Tuesday, May 10, 2011
Should chess be taught in school?
10 May 2011 Last updated at 05:40 ET Help It is an ancient game which was once used to teach young knights and princes about military strategy.
But should every child in Britain be expected to learn chess, while they are still at primary school?
There is growing support for the idea of putting the game on the national curriculum.
Tim Muffett reports from a primary school in Birmingham.
Watch the video report here: http://www.bbc.co.uk/news/education-13343943
Thursday, May 5, 2011
Chess clubs taking off in Frederick County
by Margarita Raycheva | Staff Writer
Forget cutting-edge video and computer games.
Some elementary school students in Frederick County are getting hooked on a board game that was created more than 1,400 years ago.
Chess, which has captivated millions of people across the world for centuries, is now getting a foothold among a growing number of Frederick County elementary school students.
At Lincoln Elementary, an after-school chess team meets Wednesdays, and at least 16 students in second through fifth grade spend hours hunched over their chess boards, perfecting their moves, honing their strategies, and learning to think ahead of their opponents.
Dressed in the chess club's blue T-shirts, which display their victories over opponents from other schools, students take pride in the game, and are always ready to learn new tips and tricks to help them win with fewer moves.
"Chess is a brain game," said second-grader Vladimir Flores. "It makes your brain strong."
The chess team at Lincoln Elementary grew out of a small recess program that started seven years ago. But the game took off among students, who started teaching their classmates and whipping out chessboards in the cafeteria after class.
Today, the chess club draws in boys and girls of all academic skills, and Janet Manning, the team advisor, has to run a different program for students who are still learning the game.
"We start from as young as kindergarten," Manning said.
Lincoln Elementary, however, is not alone, and some other elementary schools are seeing an increased interest in the brainy game, which according to some researchers can help students improve their academic performance.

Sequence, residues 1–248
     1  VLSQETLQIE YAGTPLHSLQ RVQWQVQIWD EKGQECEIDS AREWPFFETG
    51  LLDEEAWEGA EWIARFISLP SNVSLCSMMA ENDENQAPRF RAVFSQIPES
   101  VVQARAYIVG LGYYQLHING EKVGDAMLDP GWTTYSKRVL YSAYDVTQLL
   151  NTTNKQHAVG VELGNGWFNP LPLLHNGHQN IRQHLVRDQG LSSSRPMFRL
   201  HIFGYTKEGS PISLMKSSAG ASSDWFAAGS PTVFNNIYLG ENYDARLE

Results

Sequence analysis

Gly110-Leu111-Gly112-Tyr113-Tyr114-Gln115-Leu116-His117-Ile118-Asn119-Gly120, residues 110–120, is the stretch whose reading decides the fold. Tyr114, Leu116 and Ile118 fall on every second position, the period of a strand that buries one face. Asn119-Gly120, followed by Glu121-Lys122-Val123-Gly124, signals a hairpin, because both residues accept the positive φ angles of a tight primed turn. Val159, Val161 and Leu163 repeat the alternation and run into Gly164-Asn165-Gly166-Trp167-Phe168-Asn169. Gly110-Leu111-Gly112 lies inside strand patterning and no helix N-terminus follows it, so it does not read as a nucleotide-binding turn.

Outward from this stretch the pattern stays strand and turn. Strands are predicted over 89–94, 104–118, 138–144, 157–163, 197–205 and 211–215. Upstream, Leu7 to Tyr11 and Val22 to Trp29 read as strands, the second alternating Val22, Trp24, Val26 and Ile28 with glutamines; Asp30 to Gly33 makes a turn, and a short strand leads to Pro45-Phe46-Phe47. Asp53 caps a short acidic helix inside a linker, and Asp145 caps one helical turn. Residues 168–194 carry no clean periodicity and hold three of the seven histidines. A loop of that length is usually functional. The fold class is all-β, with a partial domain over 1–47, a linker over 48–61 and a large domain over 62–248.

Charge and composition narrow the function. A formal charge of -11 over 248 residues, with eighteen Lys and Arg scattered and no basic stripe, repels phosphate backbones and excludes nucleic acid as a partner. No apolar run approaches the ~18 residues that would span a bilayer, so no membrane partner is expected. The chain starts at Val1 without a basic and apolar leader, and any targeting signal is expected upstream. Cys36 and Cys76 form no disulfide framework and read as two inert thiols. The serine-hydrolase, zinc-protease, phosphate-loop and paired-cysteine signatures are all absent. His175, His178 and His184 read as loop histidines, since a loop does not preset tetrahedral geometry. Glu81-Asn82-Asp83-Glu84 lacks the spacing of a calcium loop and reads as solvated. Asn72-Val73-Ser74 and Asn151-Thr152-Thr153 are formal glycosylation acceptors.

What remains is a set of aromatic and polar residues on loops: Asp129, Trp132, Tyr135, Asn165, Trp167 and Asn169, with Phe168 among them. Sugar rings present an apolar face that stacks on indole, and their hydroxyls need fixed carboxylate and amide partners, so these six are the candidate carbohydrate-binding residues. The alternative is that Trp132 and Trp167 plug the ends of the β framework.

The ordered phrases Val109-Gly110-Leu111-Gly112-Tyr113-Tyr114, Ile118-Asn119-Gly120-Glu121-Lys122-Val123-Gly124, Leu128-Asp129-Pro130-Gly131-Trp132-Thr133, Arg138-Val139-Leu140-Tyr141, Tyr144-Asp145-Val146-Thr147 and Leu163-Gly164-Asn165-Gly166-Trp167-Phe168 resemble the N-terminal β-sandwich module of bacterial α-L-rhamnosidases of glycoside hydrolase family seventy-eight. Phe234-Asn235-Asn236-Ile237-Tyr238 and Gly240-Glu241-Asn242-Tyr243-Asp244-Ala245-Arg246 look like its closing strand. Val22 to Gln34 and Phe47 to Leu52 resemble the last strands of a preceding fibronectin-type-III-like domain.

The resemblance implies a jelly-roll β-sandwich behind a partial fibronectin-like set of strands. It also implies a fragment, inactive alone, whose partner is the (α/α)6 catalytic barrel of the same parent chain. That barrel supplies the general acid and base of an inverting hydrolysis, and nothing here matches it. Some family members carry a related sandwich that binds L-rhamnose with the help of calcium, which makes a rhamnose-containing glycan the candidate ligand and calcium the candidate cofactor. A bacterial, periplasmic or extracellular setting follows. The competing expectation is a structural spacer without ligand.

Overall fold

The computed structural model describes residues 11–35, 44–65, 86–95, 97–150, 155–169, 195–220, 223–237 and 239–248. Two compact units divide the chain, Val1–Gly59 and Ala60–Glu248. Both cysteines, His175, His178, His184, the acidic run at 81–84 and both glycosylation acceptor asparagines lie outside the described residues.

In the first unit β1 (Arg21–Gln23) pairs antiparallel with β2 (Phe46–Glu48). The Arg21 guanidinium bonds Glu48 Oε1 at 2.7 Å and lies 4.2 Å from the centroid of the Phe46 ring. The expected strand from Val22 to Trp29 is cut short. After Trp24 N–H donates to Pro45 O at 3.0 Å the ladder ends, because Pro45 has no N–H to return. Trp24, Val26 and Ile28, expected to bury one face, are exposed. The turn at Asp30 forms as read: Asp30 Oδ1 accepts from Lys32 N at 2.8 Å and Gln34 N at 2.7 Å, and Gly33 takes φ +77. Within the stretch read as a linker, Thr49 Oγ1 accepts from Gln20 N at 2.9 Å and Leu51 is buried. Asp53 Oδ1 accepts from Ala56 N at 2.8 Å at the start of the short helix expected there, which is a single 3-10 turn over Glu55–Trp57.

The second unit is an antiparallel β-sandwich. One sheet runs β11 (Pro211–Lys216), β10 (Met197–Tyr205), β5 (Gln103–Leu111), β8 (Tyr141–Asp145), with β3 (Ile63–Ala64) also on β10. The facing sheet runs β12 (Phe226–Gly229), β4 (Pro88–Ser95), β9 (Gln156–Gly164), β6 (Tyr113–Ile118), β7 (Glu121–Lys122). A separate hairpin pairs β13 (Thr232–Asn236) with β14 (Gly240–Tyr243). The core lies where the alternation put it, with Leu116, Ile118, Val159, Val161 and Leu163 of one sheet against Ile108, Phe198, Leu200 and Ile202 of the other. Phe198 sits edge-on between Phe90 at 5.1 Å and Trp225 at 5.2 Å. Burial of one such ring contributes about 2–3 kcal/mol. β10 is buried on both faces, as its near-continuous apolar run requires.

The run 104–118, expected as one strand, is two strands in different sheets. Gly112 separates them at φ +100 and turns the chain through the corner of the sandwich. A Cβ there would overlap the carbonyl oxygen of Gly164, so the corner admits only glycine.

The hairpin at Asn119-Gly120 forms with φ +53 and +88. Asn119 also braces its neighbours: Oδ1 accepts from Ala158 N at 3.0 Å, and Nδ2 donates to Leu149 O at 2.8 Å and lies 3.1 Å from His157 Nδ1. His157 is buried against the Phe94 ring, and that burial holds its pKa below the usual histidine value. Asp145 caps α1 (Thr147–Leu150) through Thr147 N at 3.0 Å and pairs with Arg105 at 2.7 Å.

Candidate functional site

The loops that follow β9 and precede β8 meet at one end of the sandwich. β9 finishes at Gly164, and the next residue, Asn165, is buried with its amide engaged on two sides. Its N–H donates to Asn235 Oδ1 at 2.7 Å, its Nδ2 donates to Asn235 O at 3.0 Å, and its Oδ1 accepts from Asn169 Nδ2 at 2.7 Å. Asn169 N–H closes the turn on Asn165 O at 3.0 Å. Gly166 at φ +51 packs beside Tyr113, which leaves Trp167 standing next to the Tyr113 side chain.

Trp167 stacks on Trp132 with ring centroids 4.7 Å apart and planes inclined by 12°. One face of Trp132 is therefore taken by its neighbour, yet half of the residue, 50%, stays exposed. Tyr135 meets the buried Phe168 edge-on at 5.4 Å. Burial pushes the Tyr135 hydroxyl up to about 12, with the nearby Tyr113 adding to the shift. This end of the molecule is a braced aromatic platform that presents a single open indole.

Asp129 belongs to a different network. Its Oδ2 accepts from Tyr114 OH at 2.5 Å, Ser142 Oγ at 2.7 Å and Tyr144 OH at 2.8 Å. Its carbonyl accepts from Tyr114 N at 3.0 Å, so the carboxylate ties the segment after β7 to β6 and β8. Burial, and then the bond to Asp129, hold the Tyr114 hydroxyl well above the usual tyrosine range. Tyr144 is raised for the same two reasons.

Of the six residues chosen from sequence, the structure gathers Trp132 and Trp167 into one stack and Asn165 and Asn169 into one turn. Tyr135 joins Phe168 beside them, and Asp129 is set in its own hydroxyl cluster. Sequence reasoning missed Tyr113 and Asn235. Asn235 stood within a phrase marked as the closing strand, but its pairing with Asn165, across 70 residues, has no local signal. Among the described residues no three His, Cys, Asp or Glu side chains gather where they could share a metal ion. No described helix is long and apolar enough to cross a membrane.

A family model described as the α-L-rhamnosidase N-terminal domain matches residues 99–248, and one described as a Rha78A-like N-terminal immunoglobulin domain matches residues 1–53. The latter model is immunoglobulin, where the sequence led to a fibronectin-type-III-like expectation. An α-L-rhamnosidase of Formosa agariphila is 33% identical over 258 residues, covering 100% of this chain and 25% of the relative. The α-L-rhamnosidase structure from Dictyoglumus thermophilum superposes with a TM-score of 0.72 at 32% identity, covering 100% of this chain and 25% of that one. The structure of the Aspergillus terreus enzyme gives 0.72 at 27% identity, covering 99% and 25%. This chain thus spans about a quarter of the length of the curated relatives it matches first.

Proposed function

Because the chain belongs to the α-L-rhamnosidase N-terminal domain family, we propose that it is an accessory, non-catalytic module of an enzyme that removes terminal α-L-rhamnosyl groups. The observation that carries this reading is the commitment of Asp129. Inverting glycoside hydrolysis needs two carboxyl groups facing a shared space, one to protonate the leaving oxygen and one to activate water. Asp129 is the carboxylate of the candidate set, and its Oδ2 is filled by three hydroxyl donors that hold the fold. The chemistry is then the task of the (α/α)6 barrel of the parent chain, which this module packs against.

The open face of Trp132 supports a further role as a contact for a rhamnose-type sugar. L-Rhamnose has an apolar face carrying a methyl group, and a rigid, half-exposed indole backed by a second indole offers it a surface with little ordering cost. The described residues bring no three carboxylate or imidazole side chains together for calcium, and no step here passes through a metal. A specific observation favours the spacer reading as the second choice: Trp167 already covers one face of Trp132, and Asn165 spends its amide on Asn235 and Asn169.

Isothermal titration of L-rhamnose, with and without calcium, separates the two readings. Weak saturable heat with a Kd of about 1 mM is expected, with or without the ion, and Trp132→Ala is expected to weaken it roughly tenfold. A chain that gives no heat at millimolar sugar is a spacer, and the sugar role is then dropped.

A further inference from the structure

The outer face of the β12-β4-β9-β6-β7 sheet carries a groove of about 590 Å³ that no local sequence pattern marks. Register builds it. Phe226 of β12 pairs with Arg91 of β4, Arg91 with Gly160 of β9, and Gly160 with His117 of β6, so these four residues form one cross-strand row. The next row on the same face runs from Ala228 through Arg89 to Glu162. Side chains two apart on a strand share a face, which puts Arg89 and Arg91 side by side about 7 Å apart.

At North Frederick Elementary, which started a chess club in 2009, parents and volunteers are struggling to accommodate all students who want to play chess, though more than 150 students have participated in club activities and competitions.
Yellow Springs Elementary also started a chess club last year with an initial enrollment of 45 students, said Gary Waguespack, the parent volunteer who coordinates the club.
Based on the widespread interest, chess club organizers have united their efforts this year and created the countywide Frederick Scholastic Chess League. The organization aims to promote chess across the county, provide resources for school-based chess clubs, and for the first time allow students from different Frederick County schools to play in organized tournaments.
"The idea now is to promote chess on a scholastic level," said Waguespack, who started the league after he founded the chess club at his children's school.
"I realized that there wasn't much going on with chess in the entire county," he said.
Though the league is in its developmental stages, it already includes chess teams from five schools:?Lincoln, North Frederick, Yellow Springs, Valley, and Monocacy Valley Montessori Public Charter School.
Organizers at the league now are hoping that more schools would join in for the coming year.
The league held its spring invitational competition in March, and will hold the first countywide chess tournament on June 1 at West Frederick Middle School.
Waguespack has even more ambitious long-term goals for the league. He wants to bring chess to Frederick County middle and high schools, creating opportunities for more students to use chess to expand their thinking and exercise their analytical skills.
Using chess as a scholastic tool is not a new idea, and Waguespack points to a number of chess proponents who argue that it can help improve students' concentration, memory, analytical skills and even raise test scores.
In nearly 30 countries around the world, chess is a mandatory part of school curriculum, and according to the American Chess Institute, a number of studies suggest that playing chess can be related to higher test scores for students.
A study in Texas, for example, found that non-honors elementary students who participated in school chess clubs showed twice the improvement in reading and mathematics between third and fifth grades compared to non-chess players, according to the American Chess Institute.
And in New Brunswick, Canada, when schools started using chess to teach logic in grades two through seven, the average problem solving scores of students increased from 62 percent to 81 percent, according to the American Chess Institute's website.